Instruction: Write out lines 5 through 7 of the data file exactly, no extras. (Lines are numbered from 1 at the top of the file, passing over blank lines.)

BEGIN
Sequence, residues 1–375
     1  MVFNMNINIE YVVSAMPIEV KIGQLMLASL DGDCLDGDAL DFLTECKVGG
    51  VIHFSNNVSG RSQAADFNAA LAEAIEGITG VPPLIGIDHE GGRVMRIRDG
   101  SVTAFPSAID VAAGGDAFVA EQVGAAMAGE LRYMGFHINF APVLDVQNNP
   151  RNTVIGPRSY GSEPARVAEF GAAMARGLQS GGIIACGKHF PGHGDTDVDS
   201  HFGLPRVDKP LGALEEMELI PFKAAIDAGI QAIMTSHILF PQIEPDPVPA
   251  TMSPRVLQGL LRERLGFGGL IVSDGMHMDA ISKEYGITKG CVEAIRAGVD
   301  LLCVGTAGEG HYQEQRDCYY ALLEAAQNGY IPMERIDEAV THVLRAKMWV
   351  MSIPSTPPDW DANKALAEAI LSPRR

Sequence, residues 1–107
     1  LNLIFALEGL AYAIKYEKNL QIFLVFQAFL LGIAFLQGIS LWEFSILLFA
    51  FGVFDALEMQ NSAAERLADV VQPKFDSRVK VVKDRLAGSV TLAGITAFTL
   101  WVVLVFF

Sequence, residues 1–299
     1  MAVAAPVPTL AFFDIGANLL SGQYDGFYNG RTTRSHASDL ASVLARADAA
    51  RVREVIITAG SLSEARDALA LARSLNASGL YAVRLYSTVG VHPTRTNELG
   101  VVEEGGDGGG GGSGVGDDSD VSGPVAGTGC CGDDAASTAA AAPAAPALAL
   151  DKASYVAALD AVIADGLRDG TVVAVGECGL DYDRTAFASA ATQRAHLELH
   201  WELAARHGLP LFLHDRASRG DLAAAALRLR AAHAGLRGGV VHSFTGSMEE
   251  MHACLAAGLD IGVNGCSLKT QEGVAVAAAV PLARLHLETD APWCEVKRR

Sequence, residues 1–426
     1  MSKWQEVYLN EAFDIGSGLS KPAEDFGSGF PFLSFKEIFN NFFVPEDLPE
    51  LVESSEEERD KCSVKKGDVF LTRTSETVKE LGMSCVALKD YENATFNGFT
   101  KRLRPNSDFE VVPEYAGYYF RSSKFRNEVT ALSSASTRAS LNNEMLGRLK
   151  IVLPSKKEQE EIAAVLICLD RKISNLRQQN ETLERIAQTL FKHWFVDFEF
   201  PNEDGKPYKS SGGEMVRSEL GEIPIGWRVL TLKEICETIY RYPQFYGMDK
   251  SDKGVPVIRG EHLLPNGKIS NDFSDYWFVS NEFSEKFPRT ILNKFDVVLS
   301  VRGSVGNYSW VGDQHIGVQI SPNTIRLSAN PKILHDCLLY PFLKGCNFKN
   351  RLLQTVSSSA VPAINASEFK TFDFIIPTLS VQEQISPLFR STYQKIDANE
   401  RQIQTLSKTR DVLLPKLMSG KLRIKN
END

   151  RNTVIGPRSY GSEPARVAEF GAAMARGLQS GGIIACGKHF PGHGDTDVDS
   201  HFGLPRVDKP LGALEEMELI PFKAAIDAGI QAIMTSHILF PQIEPDPVPA
   251  TMSPRVLQGL LRERLGFGGL IVSDGMHMDA ISKEYGITKG CVEAIRAGVD